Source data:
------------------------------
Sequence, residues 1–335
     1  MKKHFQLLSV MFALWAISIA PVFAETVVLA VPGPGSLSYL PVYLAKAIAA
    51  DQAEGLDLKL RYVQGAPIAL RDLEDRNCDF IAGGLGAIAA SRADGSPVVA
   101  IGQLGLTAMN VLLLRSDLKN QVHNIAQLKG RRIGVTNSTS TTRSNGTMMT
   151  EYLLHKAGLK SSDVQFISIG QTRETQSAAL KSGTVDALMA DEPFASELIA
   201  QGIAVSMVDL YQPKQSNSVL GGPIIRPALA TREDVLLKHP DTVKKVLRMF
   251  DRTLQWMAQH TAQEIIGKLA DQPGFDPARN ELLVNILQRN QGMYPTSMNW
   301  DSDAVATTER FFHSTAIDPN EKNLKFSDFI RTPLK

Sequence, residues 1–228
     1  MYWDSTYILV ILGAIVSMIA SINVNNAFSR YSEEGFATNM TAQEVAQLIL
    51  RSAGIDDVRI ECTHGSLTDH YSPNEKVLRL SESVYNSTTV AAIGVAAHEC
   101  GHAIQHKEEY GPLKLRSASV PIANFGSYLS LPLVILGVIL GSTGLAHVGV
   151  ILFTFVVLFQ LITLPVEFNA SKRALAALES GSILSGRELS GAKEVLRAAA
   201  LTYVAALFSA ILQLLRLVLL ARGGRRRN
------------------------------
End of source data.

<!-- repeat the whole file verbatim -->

Sequence, residues 1–335
     1  MKKHFQLLSV MFALWAISIA PVFAETVVLA VPGPGSLSYL PVYLAKAIAA
    51  DQAEGLDLKL RYVQGAPIAL RDLEDRNCDF IAGGLGAIAA SRADGSPVVA
   101  IGQLGLTAMN VLLLRSDLKN QVHNIAQLKG RRIGVTNSTS TTRSNGTMMT
   151  EYLLHKAGLK SSDVQFISIG QTRETQSAAL KSGTVDALMA DEPFASELIA
   201  QGIAVSMVDL YQPKQSNSVL GGPIIRPALA TREDVLLKHP DTVKKVLRMF
   251  DRTLQWMAQH TAQEIIGKLA DQPGFDPARN ELLVNILQRN QGMYPTSMNW
   301  DSDAVATTER FFHSTAIDPN EKNLKFSDFI RTPLK

Sequence, residues 1–228
     1  MYWDSTYILV ILGAIVSMIA SINVNNAFSR YSEEGFATNM TAQEVAQLIL
    51  RSAGIDDVRI ECTHGSLTDH YSPNEKVLRL SESVYNSTTV AAIGVAAHEC
   101  GHAIQHKEEY GPLKLRSASV PIANFGSYLS LPLVILGVIL GSTGLAHVGV
   151  ILFTFVVLFQ LITLPVEFNA SKRALAALES GSILSGRELS GAKEVLRAAA
   201  LTYVAALFSA ILQLLRLVLL ARGGRRRN